Google Maps Denver is considering a $20.5 million purchase deal for Park Hill Golf Club, but the details of the complex deal pin the worth on the 155-acre site’s development prospects.
Denver’s bid to purchase the Park Hill Golf Club from a private trust that supports an education nonprofit is anything but simple — and development prospects on the 155-acre site could enrich both sides.
The difficulty of boiling down the agreement with Clayton Early Learning, announced Sept. 21, has become clear as the City Council has scrutinized the proposed arrangement.
Is the deal worth $20.5 million? That’s the amount a city official says is the maximum cost the city would bear over the course of the 30-year agreement if the land sits empty.
Or is it worth $24 million? That is the target that Clayton’s leaders have in mind, since an endowment that size would provide about $1 million a year to support its operation.
Clayton could earn that much from land sales — or even more — if developers plunk down big money for portions of the land, based on a multi-tiered profit-sharing arrangement that’s set out by the contract. By that token, the city could earn back some or all of its investment.
As it stands, the city is set to pay the George W. Clayton Trust, which the nonprofit manages, a $10 million initial payment and annual $350,000 payments for up to 30 years.
During the course of the agreement, control over land sales would shift — placing the city in the driver’s seat from 2019 through 2022, and then handing it back to Clayton until 2039, when the city would own the entire site.
At one point during a council committee hearing Tuesday that was its first public crack at the deal, Councilman Paul Kashmann summed up his conflicted views.
“I don’t want any confusion that I’m trying to short-change the neighborhood or Clayton,” he said. “I find — and everyone I’ve talked to finds — this contract confusing. And yeah, I don’t think there should be a way that Clayton gets less than what they need in this.”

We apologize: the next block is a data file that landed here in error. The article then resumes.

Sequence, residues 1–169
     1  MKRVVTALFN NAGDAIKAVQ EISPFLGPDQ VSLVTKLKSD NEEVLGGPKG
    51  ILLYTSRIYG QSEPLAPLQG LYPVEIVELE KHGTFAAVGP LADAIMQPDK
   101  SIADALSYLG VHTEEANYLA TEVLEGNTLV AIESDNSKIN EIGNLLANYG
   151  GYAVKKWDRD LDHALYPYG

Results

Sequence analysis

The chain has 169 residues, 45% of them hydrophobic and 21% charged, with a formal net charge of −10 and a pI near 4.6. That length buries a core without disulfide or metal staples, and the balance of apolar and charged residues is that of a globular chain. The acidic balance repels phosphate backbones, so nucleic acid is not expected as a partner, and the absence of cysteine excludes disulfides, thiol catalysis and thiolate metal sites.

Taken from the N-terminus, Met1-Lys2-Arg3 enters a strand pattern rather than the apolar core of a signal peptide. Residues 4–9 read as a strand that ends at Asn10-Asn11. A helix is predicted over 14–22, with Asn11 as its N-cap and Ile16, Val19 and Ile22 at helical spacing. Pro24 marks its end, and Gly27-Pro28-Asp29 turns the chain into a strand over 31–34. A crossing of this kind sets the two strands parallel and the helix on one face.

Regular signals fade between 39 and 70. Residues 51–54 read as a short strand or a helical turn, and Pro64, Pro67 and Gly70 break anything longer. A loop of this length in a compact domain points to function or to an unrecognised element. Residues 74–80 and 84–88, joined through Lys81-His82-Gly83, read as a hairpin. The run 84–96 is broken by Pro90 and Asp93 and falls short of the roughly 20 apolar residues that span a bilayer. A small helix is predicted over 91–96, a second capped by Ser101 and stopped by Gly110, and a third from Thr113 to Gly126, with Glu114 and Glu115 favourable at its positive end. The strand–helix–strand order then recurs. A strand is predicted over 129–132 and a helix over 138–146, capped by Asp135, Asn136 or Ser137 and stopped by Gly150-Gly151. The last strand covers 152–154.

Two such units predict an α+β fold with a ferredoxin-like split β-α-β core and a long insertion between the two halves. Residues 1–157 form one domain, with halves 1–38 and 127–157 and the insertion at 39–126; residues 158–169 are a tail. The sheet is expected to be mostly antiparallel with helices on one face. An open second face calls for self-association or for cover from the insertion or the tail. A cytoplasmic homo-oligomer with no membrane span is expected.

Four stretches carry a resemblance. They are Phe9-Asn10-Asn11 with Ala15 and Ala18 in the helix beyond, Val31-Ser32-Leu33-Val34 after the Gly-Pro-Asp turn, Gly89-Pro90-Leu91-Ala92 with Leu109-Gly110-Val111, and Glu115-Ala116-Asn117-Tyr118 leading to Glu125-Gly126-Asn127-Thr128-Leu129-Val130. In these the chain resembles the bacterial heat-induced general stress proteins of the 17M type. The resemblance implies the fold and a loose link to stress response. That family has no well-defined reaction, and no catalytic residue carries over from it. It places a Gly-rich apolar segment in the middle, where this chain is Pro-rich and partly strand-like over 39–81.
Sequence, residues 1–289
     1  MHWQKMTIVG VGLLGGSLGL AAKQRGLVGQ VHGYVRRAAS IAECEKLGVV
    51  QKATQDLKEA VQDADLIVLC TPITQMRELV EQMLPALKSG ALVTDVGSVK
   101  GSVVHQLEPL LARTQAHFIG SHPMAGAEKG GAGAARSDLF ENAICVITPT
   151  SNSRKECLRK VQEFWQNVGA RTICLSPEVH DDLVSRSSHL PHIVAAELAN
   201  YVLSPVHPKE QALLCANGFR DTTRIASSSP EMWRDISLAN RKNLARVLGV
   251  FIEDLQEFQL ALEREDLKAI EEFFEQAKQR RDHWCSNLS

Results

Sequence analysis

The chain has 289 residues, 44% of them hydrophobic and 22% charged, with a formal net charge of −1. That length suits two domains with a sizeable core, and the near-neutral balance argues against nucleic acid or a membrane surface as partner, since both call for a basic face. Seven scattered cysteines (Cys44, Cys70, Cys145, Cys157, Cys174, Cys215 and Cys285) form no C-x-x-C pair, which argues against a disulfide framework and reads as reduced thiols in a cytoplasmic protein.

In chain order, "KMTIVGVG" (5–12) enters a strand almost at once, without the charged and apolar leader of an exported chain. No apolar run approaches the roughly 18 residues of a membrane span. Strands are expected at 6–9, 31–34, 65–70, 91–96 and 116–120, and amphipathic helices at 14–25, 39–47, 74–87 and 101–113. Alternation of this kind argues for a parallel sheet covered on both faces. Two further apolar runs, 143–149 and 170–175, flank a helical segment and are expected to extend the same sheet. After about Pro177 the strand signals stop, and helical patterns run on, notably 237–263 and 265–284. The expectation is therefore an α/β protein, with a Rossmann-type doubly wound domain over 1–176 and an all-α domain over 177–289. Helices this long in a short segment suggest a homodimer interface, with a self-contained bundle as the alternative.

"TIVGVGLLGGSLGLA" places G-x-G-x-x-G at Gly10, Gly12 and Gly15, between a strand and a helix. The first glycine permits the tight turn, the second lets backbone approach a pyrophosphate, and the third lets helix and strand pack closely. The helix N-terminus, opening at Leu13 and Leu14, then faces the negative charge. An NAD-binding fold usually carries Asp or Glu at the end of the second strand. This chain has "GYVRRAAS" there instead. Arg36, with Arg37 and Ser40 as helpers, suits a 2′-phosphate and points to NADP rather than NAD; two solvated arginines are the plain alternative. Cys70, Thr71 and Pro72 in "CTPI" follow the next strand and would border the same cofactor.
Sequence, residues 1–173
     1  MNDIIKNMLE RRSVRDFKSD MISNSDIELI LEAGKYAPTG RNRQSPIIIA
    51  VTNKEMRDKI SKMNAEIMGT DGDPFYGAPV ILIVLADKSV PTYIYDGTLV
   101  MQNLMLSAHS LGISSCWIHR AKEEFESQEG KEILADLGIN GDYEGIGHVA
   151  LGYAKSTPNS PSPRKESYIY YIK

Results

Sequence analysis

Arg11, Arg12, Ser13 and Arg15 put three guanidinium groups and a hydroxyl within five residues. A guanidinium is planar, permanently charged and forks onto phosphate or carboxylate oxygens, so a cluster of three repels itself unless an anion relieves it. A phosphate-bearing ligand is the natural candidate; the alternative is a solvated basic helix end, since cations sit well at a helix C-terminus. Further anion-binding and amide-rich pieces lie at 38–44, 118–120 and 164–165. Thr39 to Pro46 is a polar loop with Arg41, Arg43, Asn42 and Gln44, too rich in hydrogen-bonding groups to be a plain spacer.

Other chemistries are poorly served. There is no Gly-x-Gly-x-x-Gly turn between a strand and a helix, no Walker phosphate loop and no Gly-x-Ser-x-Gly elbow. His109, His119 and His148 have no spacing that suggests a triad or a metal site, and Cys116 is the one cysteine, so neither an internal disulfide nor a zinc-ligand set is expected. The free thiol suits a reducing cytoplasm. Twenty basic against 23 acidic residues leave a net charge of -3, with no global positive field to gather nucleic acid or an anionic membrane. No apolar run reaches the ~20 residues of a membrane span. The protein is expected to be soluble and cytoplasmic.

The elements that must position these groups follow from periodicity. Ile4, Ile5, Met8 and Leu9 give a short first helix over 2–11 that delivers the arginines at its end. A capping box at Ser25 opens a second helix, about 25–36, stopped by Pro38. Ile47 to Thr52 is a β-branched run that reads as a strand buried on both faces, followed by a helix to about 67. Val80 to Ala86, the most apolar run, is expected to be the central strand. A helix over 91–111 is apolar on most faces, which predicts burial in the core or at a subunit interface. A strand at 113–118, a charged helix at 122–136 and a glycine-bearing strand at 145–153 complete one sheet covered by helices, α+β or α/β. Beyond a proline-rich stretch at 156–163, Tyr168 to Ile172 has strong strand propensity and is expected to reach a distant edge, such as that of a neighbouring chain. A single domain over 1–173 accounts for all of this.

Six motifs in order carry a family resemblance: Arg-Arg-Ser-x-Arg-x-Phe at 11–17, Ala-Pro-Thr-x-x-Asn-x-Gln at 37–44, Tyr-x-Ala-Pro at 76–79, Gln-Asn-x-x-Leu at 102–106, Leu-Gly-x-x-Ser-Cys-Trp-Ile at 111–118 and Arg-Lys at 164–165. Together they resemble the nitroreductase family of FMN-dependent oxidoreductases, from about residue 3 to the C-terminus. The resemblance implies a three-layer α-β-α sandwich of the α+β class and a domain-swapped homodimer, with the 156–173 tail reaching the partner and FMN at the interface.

Among the non-monetary considerations are community interests that have come out in meetings hosted by Clayton in the last year — and which are sometimes at odds. Those include the preservation of green space, the spurring of community-serving development, or a mix of both.
Some advocates have pressed Clayton and city leaders to seek affordable housing development or retail that’s desperately needed in impoverished nearby neighborhoods, including a full-service grocery store.
“I’m excited that the city has stepped up to the plate,” said Councilman Chris Herndon, whose district includes the golf course — a fee-based activity that he said makes the land anything but “open space” currently.
Evan Dreyer, Mayor Michael Hancock’s deputy chief of staff, asked the committee members to hold the contract over for a future meeting while so many of their questions remain unresolved.
A “unique, complicated” contract
Dreyer acknowledged the “unique, complicated, complex, different” nature of the proposed contract. He said “lots of conflicting tensions, needs and desires” shaped its terms.
In short, he said, the agreement will be able to adapt the financial terms to any potential outcome of Clayton’s community-input process, which could result in the drafting of a city master plan for the site.
A more immediate factor that’s at play is that city officials want to acquire rights to up to 25 acres on the northeast corner of the Park Hill course for a stormwater detention area, as part of the city’s controversial Platte to Park Hill stormwater drainage plan.